expressed regrets on Sept. 4 over the South Korean antitrust watchdog’s decision to add the company as well as its founder Lee Hae-jin to a new corporate watch list, citing plans to review legal actions to challenge the FTC’s interpretation.
South Korea’s Fair Trade Commission on Sept. 3 designated Korea’s biggest portal website operator Naver as a “large corporation” with founder Lee as its effective owner, a move which requires the Korean internet giant and Lee to follow new antitrust regulations and duties.
The FTC on Sunday designated five firms -- Naver, Nexon, Dongwon Group, Samra Midas Group and Hoban Construction -- as “large corporations” with assets of more than 5 trillion won ($4.42 billion) and with an “owner” who exercises sizeable influence over the company.
The five companies are now subject to limits on financial and inter-affiliate transactions as well as mandatory disclosures devised as part of antitrust laws aimed at enhancing corporate transparency among Korea’s conglomerates, most of which are family-owned.
As an “owner,” Lee is now personally obliged to disclose his own corporate actions as well as the business activities of his relatives. This includes Lee’s own investment company Jieum as well as restaurant brand Hwaeum and YoungPoong Tour, which are owned by Lee’s relatives.
While Naver accepts its “large corporation” status and the corresponding corporate duties, it rejects the FTC’s interpretation of founder Lee as the company’s “owner,” a concept it claims is relevant only to Korea’s family-controlled conglomerates rather than private companies such as Naver.
“That Korea is unilaterally applying the same laws designed to regulate family-owned chaebol to private companies (which have grown independently) signifies that the country’s corporate regulations are outdated,” Naver said in a statement.
According to Naver, Lee possesses a low stake of about 4 percent in the company and is not involved in any form of circular shareholding involving family members. It also operates on a transparent management system based on an elected CEO and board.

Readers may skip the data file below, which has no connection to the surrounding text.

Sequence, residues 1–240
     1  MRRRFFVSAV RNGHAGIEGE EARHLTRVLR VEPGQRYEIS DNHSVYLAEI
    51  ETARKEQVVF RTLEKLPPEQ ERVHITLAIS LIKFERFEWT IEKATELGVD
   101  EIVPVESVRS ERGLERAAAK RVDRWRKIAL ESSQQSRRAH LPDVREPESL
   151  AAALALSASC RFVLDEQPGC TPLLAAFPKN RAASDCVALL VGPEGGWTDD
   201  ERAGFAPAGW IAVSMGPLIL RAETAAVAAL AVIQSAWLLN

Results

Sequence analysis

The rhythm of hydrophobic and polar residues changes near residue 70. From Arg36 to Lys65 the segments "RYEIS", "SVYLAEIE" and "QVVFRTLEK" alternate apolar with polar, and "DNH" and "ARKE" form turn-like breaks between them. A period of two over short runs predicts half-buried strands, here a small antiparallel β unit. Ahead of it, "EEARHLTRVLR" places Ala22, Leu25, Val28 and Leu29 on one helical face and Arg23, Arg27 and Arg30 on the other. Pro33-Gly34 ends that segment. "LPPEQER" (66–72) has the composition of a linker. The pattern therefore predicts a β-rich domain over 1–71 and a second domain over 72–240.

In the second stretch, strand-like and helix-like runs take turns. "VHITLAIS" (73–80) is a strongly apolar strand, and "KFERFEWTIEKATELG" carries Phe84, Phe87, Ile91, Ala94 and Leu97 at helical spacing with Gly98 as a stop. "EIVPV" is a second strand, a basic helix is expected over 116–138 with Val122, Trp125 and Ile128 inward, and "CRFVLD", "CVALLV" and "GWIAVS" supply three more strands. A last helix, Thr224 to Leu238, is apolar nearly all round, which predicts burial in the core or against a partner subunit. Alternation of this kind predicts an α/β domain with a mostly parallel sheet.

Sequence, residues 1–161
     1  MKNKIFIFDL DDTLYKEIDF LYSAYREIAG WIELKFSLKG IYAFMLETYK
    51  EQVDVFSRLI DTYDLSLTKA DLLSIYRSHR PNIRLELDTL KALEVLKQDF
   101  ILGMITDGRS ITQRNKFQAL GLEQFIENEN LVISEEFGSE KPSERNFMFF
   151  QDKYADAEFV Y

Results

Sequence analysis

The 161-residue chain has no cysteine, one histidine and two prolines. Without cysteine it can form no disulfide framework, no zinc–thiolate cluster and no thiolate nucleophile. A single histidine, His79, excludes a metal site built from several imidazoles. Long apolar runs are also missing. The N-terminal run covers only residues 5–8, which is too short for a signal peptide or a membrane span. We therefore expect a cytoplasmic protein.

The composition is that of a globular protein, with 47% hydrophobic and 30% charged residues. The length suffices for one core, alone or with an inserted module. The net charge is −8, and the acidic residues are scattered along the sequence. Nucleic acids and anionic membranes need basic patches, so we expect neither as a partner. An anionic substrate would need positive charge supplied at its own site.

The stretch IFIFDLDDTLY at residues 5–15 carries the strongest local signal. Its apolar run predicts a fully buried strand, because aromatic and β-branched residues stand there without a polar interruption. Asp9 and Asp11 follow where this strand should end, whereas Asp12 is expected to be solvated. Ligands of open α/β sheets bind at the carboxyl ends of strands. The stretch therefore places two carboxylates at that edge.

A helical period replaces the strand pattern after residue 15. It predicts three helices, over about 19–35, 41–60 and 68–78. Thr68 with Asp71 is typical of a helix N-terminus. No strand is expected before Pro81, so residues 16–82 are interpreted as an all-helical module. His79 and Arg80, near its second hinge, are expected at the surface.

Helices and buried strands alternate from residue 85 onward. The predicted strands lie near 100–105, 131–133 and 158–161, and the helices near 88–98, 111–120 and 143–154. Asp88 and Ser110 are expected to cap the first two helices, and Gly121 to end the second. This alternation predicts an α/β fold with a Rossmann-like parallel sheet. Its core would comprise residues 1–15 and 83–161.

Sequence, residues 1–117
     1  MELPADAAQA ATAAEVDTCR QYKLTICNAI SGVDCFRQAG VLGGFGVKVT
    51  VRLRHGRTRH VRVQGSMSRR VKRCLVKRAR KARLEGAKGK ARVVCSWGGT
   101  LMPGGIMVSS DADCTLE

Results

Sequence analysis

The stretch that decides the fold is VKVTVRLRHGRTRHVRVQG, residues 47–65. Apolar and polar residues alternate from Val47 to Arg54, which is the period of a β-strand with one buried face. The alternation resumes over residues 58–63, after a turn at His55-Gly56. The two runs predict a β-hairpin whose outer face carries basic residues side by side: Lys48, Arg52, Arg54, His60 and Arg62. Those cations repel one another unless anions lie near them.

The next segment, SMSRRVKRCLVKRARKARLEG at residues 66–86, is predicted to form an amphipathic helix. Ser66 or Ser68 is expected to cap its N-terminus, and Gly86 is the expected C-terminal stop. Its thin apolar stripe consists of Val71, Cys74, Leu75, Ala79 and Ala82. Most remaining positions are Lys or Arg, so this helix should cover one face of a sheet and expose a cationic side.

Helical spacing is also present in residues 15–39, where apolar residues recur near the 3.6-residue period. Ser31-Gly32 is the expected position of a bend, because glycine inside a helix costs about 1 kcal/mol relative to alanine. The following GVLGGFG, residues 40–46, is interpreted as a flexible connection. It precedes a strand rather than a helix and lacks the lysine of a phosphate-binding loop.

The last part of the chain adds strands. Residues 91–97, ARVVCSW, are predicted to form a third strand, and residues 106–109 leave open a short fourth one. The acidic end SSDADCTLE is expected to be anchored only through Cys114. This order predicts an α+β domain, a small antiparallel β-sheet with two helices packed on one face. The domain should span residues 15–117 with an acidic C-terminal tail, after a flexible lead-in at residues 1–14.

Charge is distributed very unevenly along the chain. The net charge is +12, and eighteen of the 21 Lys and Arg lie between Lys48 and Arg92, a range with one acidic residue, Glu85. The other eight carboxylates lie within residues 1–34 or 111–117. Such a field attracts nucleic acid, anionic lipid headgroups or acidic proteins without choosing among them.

“To advance, Korea must formally recognize more ‘ownerless’ private companies and foster a corporate environment where such firms can grow in number,” it said.
A Naver spokesperson said that the company plans to start reviewing ways to legally challenge the FTC’s regulatory framework over the “owner” designation, including administrative litigation.
In doing so, Naver will continue to carry on its fight to obtain “ownerless” company designation on grounds that Lee, currently the firm’s Global Investment Officer, possesses a small stake and limited influence within the company.
At the moment, the National Pension Service is Naver’s biggest shareholder with a 10.5 percent stake. Foreign investors make up the second-largest shareholder, while Lee is the third-largest shareholder with a 4.31 percent stake.
Lee has formally left the top management, resigning from the firm’s board chairmanship last year to focus on the company’s global investment agenda.
Naver had hoped that the FTC would interpret the company’s owner as the company itself, rather than the founder, allowing Naver to become a “large corporation” without an effective owner.
However, the FTC viewed Lee as the firm’s chief. Despite his seemingly low stake, Lee is the only one among Naver’s large stakeholders who is engaged in top-level decision-making activities, it said.
Though the NPS and foreign investors are Naver’s majority stakeholders, they have disclosed that they do not exert managerial control over the company, the FTC said. Over 50 percent of Naver’s shares are also owned by individuals with a less than 1 percent stake.
This situation makes Lee’s 4.31 percent stake relatively more significant and powerful, according to the regulator. Adding to his perceived influence, Lee is the only large shareholder at Naver who is a member of the external board member recommendation committee, it added.
Meanwhile, Rep. Kim Kyung-jin of the People’s Party, who is a part of the National Assembly’s Science, ICT, Broadcasting and Communications Committee on Monday called on Naver to “fully accept the FTC’s designation.”
Kim said Naver should not view the FTC’s move as unjust, but continue to make concerted efforts to differentiate itself from the chaebol and their cronyism.
By Sohn Ji-young/The Korea Herald (firstname.lastname@example.org